‘It’s just a very life-affirming story’: Witness describes campers helping Kenai bear attack victims

Two kayakers paddled six miles to safety across Skilak Lake after they were mauled by a bear early Saturday morning.

A large blue lake with mountains in the background
Skilak Lake. (Creative Commons)

Jamie Nelson, of Kenai, was at the Upper Skilak Lake Campground when the kayakers pulled up around 2 a.m.

“Six miles for two hours after being mauled by bears. That’s the part of the story I just can’t wrap my head around,” he said.

Officials aren’t releasing the names of the victims. But Nelson said last he heard, they were both in stable condition.

The kayakers were tent camping on the shores of Skilak Lake on Friday night, where the lake meets Hidden Creek. They had paddled there earlier that day from the car-accessible Upper Skilak Campground.

Close to midnight, a bear charged them in their tent while they were sleeping. They had bear spray but the bear charged too quickly for them to use it. 

Both were injured, the man more severely than the woman. Nelson said he’s unsure how the victims got away from the bear. But when they did, they were able to treat the lacerations to their arms and legs.

“And luckily, they were so prepared and had a nice first aid kit with them, that they had a product called Quick Clot,” he said. “Which apparently slows bleeding very well.”

The victims’ campsite was accessible via Hidden Creek Trail. But even if they knew about that entry point, the man’s injuries were so bad he couldn’t walk. 

Instead, they paddled for nearly two hours back to the Upper Skilak Lake Campground.

Skilak Lake is large and can get pretty windy and wavy. But that night, Nelson said, it was glassy calm.

“Had the winds picked up that night and the water been choppy, I just don’t know if they could’ve made the voyage,” he said.

Nelson and his family had a campsite along the shore and heard the kayakers scream for help as they pulled in. So did several other campers and the campsite host. They called an ambulance and helped the woman get something from her car while they waited.

The man stayed in the kayak on the beach. He was cold and didn’t think he could support himself with his leg. 

“I think adrenaline was still playing a pretty big role,” Nelson said. “Because for everything they had been through, they were very calm. They were very matter-of-fact about what happened and about what needed to happen from that point forward.”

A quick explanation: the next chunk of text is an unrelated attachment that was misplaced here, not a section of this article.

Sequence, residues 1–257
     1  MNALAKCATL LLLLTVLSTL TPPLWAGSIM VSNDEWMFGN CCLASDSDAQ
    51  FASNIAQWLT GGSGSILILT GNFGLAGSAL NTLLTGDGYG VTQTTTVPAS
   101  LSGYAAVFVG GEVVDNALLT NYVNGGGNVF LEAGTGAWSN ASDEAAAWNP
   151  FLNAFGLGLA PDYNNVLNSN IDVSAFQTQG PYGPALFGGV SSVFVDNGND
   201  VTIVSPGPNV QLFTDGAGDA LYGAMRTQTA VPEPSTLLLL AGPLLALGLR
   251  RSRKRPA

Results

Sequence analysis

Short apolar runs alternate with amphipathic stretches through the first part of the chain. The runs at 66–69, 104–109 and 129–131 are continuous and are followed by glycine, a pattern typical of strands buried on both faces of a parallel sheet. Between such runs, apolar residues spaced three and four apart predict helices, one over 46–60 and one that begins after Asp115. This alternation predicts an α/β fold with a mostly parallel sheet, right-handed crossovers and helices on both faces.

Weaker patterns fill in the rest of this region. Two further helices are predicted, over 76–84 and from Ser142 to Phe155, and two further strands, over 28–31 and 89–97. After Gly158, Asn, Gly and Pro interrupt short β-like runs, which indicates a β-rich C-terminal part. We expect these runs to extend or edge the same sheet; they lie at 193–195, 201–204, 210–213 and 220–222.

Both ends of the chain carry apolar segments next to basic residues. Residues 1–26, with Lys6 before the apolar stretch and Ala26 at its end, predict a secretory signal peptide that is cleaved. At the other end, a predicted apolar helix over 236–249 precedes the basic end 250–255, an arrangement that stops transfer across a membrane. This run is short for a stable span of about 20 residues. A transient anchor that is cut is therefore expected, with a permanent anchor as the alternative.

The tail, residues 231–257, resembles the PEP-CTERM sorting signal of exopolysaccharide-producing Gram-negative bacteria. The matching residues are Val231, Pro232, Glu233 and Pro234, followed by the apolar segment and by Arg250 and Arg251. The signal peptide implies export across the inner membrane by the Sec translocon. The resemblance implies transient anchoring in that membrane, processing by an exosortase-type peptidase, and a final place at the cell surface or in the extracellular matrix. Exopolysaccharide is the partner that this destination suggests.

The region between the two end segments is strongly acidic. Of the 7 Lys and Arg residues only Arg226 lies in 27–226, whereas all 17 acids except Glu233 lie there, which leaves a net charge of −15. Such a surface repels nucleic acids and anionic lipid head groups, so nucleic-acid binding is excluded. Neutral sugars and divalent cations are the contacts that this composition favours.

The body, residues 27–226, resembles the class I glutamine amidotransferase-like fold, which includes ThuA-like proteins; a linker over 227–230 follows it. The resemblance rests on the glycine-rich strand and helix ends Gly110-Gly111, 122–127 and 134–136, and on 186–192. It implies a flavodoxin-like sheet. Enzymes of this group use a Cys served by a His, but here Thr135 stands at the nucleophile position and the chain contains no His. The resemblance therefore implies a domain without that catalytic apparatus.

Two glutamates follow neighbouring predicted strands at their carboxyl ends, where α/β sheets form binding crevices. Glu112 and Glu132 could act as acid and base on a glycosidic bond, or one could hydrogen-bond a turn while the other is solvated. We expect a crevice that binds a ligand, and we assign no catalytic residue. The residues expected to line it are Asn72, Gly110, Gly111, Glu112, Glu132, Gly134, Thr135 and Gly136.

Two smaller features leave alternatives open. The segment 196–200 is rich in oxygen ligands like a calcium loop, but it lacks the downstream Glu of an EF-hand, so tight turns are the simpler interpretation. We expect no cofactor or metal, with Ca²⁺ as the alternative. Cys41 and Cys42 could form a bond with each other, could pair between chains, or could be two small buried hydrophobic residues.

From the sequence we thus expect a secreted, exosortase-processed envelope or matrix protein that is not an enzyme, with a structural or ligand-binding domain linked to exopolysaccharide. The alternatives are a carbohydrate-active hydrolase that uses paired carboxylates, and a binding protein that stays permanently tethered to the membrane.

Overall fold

Less than a half hour after the campers made the call, the ambulance arrived. A few minutes later, a medevac showed up to take the man away. 

Nelson met one of the victims’ friends the next day, when he came by with wildlife troopers.

“I’ll never forget what he told me, when he looked me in the eyes and thanked me,” Nelson said. “He said, ‘You know, we have living friends.’”

Nelson’s kids slept through the whole thing. But he said it was really moving to see campers at the site jump into action.

“It’s just a very life-affirming story,” he said. “That when people are in danger, Alaskans come together and rally around people in need of help. And even though there may be concerns for their own safety, they will come running to help neighbors in need.”

Meanwhile, officials from the Alaska Department of Fish and Game have sent DNA samples from the scene up to Anchorage to learn more about the bear involved in the attack. Though they’re not sure what kind of bear it was, Nelson said the victims thought it was a brown bear. Officials said the animal was likely unprovoked. 

Fish and Game Regional Management Coordinator Jeff Selinger said it’s important to remember attacks like these are rare. But he said it’s also important to be prepared in bear country, as these victims were.

The refuge closed Hidden Creek Trail after the attack to give investigators some space. The trail reopened Sunday.

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